Dustin Poirier: Let’s See Holloway Come Back From Adversity

Dustin Poirier's life

Dustin Poirier and Max Holloway are set to meet for the second time at UFC 236. This time, however, the interim lightweight title will be on the line.

A lot can change in seven years. Such is the situation that next Saturday’s main event presents. Holloway was a 20-year-old kid making his Octagon debut at UFC 143 when he first met Poirier. “The Diamond” was an established prospect in the promotion, having already made three walks to the Octagon.

So much has transpired since their first fight. Shortly after that, “Blessed” went on a run (that he is still on), captured the featherweight title from Jose Aldo, defended it, and so on. Holloway even attempted to step in on six days notice to fight Khabib Nurmagomedov for the lightweight title at UFC 223.

Ultimately, Holloway’s lightweight debut would be put off until now. This is still a situation that Poirier has been well prepared for.

“He’s a big guy,” Poirier said ahead of UFC 236 (via MMAFighting). “He’s taller than me and has trouble making ‘55, that one time he tried to do it on short notice with Khabib, right? They didn’t let him cut the weight. I don’t know what he weighed but he must’ve been a good bit over, so he’s not going to be over-sized [by me]. He could be overpowered because it takes time to adapt to carrying that weight and competing at that weight.”

“But I think he’s going to be the same Max Holloway, maybe even feel better, because he really depleted himself going to ‘45. Like I said, he’s a big guy and I’m sure that’s no fun to get down there, so he might feel the best he’s ever felt.”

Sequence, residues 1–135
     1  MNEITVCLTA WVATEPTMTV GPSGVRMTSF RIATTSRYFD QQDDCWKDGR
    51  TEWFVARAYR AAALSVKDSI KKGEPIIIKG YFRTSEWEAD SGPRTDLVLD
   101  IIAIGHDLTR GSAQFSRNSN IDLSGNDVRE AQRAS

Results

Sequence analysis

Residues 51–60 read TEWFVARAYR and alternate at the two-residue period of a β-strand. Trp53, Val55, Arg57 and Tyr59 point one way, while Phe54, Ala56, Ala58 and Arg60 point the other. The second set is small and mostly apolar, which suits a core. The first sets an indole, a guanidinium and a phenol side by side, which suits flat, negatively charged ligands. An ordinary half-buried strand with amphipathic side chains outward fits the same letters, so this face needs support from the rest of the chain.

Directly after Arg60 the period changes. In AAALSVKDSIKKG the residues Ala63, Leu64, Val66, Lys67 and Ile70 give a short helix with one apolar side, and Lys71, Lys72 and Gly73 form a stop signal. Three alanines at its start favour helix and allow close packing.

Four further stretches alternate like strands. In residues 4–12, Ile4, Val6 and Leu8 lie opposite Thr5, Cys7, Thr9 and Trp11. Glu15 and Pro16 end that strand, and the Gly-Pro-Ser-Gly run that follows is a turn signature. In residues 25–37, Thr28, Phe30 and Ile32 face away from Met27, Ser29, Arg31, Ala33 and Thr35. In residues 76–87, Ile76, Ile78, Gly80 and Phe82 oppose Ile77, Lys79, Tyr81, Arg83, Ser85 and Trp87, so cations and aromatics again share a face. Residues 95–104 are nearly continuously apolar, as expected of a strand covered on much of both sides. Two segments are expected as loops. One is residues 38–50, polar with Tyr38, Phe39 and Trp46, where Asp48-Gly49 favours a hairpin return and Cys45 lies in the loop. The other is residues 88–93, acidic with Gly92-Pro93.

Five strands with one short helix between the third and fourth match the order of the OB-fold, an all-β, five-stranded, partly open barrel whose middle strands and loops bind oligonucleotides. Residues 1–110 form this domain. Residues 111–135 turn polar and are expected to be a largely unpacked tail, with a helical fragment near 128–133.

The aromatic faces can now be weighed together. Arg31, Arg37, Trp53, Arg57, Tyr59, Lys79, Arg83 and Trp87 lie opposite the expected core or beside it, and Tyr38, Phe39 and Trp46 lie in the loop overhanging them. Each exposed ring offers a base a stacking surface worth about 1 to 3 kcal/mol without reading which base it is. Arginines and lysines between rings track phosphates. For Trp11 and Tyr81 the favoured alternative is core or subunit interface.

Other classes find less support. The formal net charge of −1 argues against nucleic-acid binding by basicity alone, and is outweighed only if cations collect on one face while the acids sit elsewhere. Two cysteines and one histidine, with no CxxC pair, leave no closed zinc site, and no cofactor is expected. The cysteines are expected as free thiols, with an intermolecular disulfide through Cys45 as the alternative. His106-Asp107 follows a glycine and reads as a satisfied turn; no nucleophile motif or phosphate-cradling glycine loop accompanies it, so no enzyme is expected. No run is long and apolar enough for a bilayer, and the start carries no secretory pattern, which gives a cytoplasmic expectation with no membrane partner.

Weight Cut Still Not Easy

Like Holloway, Poirier’s UFC career began at 145 pounds. However, “The Diamond” didn’t really hit his groove until he moved up to 155 pounds. Reason being, to put it bluntly, both Poirier and Holloway are massive featherweights. Lightweight could suit Holloway much better.

But Poirier tells of both the good and the bad that come with the change in class:

“There was a little bit of mental relief knowing that I didn’t have to get to ‘45,” Poirier remembered. “And ‘55’s not easy to make either. I’m sure Max is going to feel the same way. After allowing your body to put on the size it wants to and eat the nutrients your body wants to during these hard camps, your body grows and adapts and you fill out even if you’re not trying to add a bunch of muscle. You’re just, your composition changes. It’s hard to really say. And then you find it harder and harder to get down to ‘55 now. I do.”

“Like, my first fight at ‘55, it was a good[-sized] weight cut but it was smooth, there wasn’t any problems. Every other fight since then, sometimes things come up, like, ‘oh shit, this is going to be a hard cut,’ or the weight’s not coming off like I thought, or I’m running miles more and still my weight’s not dropping off as much. So a lot of things happen as your body gets adjusted to those weight classes. So the first one was one of the easier ones for me, and I say easier while using that word very lightly. All weight cuts are hard.”